There are a number of very big questions. Fundamental questions about ourselves. To badly paraphrase Douglas Adams' whale who finds itself suddenly called into existence several miles about the surface of an alien planet:There are ideas are light and easy to understand. Others require more thought and are harder to follow. Heavy lifting may be required.

Ah ... ! What's Happening? Er, excuse me, who am I? Hello? Why am I here? What's my purpose in life? What do I mean by who am I? ...The question of who we are and why are we here is a big one. Maybe not the biggest though. There may be an even more fundamental question. A question that starts with an observation about our universe.

If the universe obeys rules then is what happens pre-ordained or in flux? And even if some of the rules, let's use quantum mechanics as an example, make some parts of the universe unpredictable, what are the implications to the biology, chemistry, and physics that are happening in our brains?

The practical version of the question is this:

**?**

*Does Free Will Exist*My own semi-humorous answer has always been that "Of course we believe in free will. It's our destiny."

The question is much deeper than any smug answer. Great minds have tried to figure out if free will exists or not. I recently watched one of the great minds of our time work out a new take on the problem. John Conway may be most famous as the mathematician who created Conway's Game of Life but he's worked in many areas of math from group theory to algebra, from geometry to topology.

He doesn't so much prove that free will exists. Instead he shows that if an experimenter has free will when performing a certain physics experiment then the elementary particles that are in the experiment also have free will to chose the outcome of the experiment.

As he puts it "if experimenters have free will, then so do elementary particles."

He and his co-author Simon Kochen published the initial version of the proof in 2006 as The Free Will Theorem in the journal Foundations of Physics. In 2009 they published follow up called The Strong Free Will Theorem (pdf) in the Notices of the AMS. The Strong version extends the proof further.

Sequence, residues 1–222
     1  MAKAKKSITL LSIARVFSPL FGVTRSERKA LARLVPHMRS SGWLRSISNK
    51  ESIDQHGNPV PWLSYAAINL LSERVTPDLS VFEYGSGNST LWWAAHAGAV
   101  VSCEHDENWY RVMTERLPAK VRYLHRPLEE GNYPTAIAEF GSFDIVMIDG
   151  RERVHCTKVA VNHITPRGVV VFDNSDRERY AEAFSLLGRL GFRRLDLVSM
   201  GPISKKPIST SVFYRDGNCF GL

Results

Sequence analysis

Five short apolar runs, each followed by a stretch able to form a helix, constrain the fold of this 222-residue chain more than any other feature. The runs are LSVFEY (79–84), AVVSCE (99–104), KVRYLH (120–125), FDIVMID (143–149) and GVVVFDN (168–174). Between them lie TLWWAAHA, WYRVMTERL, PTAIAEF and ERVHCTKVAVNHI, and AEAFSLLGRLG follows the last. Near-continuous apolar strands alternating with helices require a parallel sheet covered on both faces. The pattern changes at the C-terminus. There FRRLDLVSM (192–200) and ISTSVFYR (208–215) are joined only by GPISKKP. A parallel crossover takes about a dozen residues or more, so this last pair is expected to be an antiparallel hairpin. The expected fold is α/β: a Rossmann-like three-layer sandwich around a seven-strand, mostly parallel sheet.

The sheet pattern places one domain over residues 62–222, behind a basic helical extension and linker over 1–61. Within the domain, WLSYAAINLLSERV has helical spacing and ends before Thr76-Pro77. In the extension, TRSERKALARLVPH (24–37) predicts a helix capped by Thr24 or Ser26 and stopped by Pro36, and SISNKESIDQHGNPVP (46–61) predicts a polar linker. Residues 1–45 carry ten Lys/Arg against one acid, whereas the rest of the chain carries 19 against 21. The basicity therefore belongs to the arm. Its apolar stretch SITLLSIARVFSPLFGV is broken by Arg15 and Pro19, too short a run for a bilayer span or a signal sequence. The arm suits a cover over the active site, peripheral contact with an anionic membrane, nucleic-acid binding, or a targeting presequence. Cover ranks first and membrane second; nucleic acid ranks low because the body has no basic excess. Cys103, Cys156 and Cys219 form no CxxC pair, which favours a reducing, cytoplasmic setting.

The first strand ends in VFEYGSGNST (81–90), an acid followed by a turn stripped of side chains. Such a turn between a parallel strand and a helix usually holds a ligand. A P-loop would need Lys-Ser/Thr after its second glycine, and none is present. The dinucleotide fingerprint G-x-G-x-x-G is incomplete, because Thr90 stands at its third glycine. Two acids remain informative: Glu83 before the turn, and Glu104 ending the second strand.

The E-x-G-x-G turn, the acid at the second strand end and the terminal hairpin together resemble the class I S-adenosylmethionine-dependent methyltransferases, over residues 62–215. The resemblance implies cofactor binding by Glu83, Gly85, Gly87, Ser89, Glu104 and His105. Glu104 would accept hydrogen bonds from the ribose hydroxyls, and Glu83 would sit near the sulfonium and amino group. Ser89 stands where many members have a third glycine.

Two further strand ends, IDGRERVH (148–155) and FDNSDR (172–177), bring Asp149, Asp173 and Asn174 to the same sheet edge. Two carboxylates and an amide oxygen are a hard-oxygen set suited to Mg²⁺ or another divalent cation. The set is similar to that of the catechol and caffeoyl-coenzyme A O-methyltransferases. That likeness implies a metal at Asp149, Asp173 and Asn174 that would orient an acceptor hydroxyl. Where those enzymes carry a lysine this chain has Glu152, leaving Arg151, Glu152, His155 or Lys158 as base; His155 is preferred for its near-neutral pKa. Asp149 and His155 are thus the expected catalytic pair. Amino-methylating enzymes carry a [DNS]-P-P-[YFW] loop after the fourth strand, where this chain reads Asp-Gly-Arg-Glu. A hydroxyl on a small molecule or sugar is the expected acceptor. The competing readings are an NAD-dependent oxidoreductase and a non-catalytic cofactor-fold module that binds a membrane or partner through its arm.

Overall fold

The proof on paper is dense, filled with math, and would have been almost impossible for me to follow if I hadn't first watched a series of lectures he gave that that explained the proof step by step.

The lectures where given in 2008 at Princeton and are online:

- Free Will and Determinism in Science and Philosophy
- The Paradox of Kochen and Specker
- The Paradoxes of Relativity
- Quantum Mechanics and the Paradoxes of Entanglement
- Proof of the Free Will Theorem
- The Theorem's Implications for Science and Philosophy

Personally I tend to be skeptical of people who use quantum mechanics and the paradoxes of science to 'solve' deep mysteries of the universe. The number of pseudo-scientific crackpot theories out there is immense. John Conway does not solve a deep mystery of the universe, instead he forces us to extend our concept of choice and free will. John Conway's previous work and history as a rational thinker moves this theory from "a cooky idea" to "something to take very seriously".

Now I do have a few issues with the proof. I don't think my issues disprove the theorem. I just think there are areas in which the explanation is a bit lacking. In particular around his use of what he calls the spin axiom. My questions are logical extensions to his line of reasoning. Logical extensions he doesn't explain or follow through with fully. It's not a disagreement, it's more that there is part of the proof I'd like explained or explored a little more.

Don't think my minor issues lessen the beauty and simplicity of the overall theorem. It is a tour de force. For me there are two moments in particular that are mind expanding.

First is when he takes the spin axiom and visually shows that it can lead to paradoxical situations. Instead of complex math or set theory he shows the underlying problem visually. It's much easier to follow along and understand than any set of symbols on paper.

Secondly the theorem brilliantly shows how the 'free will' of an elementary particle is not based on anything that has happened before. It turns out that the past is irrelevant in the scenario that is put forth. The decision is removed from anything that can be considered predetermination.

The concepts, the math, the results, and the implications are not easy to grasp. Then I don't expect that any of the big questions are easy to tackle. If you have the time, and you put in the effort, the lectures are surprisingly rewarding and definitely worth watching.

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